View details for DOI 10.1186/1749-799X-5-30

    View details for PubMedID 20459688

  • Requests for 692 transfers to an academic Level I trauma center: Implications of the Emergency Medical Treatment and Active Labor Act JOURNAL OF TRAUMA-INJURY INFECTION AND CRITICAL CARE Spain, D. A., Bellino, M., Kopelman, A., Chang, J., Park, J., Gregg, D. L., Brundage, S. I. 2007; 62 (1): 63-67

    Abstract

    The Emergency Medical Treatment and Active Labor Act (EMTALA) effectively requires Level I trauma centers (TC) to accept all transfers for a higher level of care if capacity exists. We hypothesized that EMTALA would burden a Level I TC by a selective referral of a poor payer mix of primarily nonoperative patients.All transfer calls (December 2003 and September 2005) to our Level I TC are handled by a dedicated transfer center. Calls were reviewed for age, surgical service requested, and outcome of request. The trauma registry was queried to compare Injury Severity Scale (ISS) score, hospital stay (LOS), operations, mortality, and payer status for transfer and primary catchment patients.In all, 821 calls were received; 77 calls were cancelled by the referring hospital and 52 were for consultation only. Of the 692 transfer requests, 534 (77%) were accepted, 134 (19%) were denied for no capacity, and only 24 (4%) were declined by TC as not clinically indicated. Transferred patients were younger (32.0 +/- 1.49 versus 38.9 +/- 0.51, p < 0.05), had similar ISS scores (13.6 +/- 0.62 versus 13.7 +/- 0.26) and LOS (7.0 +/- 0.70 versus 7.4 +/- 0.25), but were somewhat more likely to require an operation than direct admissions (58% versus 51%, p < 0.05). Although trauma (24%) and neurosurgery (24%) were the most commonly requested services, followed by orthopedics (20%), orthopedics accounted for 60% of operations on transferred patients compared with 10% to 13% for trauma and neurosurgery (mostly spine). There was no difference in the payer status of transfer and direct admit patients.Contrary to our assumptions, EMTALA patients had an identical payer mix and similar operative need compared with our primary catchment patients. They do represent a large additional patient load (20% of admissions) and differentially impact specialists, mostly operative for orthopedics and complex nonoperative care for trauma and neurosurgery. These data suggest that the primary motivations for transfer are specialist availability and complexity of care rather than financial concerns. As TCs provide backup specialty call coverage for a wide geographic area, this further supports the need for trauma systems development.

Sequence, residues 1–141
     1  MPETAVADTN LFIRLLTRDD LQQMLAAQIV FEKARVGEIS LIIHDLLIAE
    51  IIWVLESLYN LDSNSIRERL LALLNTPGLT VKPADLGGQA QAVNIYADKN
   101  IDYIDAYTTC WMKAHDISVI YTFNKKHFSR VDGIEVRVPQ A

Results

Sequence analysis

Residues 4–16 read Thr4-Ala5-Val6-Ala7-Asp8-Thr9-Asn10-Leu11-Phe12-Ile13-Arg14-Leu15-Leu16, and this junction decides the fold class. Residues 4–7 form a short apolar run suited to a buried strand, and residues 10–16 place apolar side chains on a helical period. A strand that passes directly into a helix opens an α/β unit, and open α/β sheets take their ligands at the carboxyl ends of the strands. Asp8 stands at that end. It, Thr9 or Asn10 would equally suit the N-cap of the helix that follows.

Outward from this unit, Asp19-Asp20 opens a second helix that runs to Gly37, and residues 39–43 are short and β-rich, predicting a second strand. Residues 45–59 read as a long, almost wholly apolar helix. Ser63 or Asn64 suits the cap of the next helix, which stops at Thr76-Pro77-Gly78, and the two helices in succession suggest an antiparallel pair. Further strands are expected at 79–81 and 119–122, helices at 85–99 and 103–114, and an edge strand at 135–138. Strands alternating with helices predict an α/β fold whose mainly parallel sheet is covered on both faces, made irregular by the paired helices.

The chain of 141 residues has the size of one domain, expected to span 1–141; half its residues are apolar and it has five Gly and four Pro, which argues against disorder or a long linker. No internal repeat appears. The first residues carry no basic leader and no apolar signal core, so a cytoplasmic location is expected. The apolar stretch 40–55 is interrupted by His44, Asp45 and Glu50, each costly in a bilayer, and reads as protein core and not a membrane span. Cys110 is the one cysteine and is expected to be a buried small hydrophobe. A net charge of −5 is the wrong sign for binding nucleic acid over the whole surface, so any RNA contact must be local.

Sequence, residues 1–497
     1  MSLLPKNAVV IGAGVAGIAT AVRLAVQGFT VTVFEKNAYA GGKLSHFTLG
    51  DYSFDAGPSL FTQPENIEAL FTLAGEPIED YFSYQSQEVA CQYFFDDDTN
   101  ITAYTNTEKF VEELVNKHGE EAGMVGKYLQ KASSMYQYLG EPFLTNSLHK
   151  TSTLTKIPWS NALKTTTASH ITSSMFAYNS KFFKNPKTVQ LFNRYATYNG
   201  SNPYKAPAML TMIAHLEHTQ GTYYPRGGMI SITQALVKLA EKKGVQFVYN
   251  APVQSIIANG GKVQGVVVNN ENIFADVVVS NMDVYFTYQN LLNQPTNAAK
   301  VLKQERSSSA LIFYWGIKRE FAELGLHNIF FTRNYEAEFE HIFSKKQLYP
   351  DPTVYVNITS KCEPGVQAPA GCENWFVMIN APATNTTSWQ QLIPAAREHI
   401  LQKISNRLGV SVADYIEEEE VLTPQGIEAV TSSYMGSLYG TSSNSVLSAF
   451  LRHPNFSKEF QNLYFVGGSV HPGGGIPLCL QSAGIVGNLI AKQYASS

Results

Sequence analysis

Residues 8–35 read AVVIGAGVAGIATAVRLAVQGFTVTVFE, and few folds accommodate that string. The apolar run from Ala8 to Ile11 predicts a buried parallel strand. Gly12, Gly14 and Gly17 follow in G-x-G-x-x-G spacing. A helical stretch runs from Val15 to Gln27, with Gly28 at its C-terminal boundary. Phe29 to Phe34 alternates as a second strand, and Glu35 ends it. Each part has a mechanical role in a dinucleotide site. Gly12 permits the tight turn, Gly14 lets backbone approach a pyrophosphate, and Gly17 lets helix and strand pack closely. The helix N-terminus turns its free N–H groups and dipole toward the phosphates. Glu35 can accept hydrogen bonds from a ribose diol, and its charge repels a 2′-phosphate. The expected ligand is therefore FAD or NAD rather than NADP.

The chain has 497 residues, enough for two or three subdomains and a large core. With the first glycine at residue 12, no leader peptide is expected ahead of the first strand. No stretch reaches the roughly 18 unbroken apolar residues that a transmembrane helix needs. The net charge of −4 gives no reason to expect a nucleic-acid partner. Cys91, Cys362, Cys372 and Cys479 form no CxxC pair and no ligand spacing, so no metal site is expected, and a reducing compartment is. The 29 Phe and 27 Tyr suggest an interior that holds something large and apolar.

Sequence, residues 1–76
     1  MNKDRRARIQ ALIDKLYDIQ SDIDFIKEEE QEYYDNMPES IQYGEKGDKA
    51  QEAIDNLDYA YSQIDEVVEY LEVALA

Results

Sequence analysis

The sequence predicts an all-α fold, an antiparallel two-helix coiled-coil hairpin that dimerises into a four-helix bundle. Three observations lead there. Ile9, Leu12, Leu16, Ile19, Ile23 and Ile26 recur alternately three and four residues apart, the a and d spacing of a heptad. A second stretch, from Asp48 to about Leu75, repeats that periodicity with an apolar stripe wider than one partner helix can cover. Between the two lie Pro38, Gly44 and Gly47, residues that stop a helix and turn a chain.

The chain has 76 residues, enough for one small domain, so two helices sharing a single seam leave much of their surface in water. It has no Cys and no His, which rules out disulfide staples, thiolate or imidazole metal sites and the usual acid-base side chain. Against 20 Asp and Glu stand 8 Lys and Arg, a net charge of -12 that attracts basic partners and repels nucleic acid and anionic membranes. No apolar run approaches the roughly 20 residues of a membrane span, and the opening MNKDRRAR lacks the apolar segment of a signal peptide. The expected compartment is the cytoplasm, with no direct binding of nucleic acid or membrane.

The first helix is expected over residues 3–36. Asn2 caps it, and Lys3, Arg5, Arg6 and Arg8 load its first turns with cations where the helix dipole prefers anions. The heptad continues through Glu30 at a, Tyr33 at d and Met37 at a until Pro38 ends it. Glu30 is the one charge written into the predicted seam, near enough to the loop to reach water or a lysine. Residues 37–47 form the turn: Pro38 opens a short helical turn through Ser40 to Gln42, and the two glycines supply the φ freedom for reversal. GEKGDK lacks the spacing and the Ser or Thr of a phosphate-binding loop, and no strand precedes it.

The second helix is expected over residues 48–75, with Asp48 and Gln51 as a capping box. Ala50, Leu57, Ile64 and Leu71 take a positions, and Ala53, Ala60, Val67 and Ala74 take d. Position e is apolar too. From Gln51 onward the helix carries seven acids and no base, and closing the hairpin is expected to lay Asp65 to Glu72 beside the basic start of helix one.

View details for DOI 10.1097/TA.0b013e31802d9716

    View details for Web of Science ID 000243490100012

    View details for PubMedID 17215734

  • Acetabular Fractures In: OKU Trauma 3 Bellino MJ 2005
  • Pelvic Ring Injuries: Fixation of the Posterior Pelvic Ring European Journal of Trauma Olson, S., Ferrell, M; Bellino, M 2005: 536-542
  • Surgery of the Lower Extremities In Anesthesiologist's Manual of Surgical Procedures, eds. Jaffe RA, Samuels SI, Ravens Press, New York Bellino, M., Goodman, SB; Csongradi, JJ 2003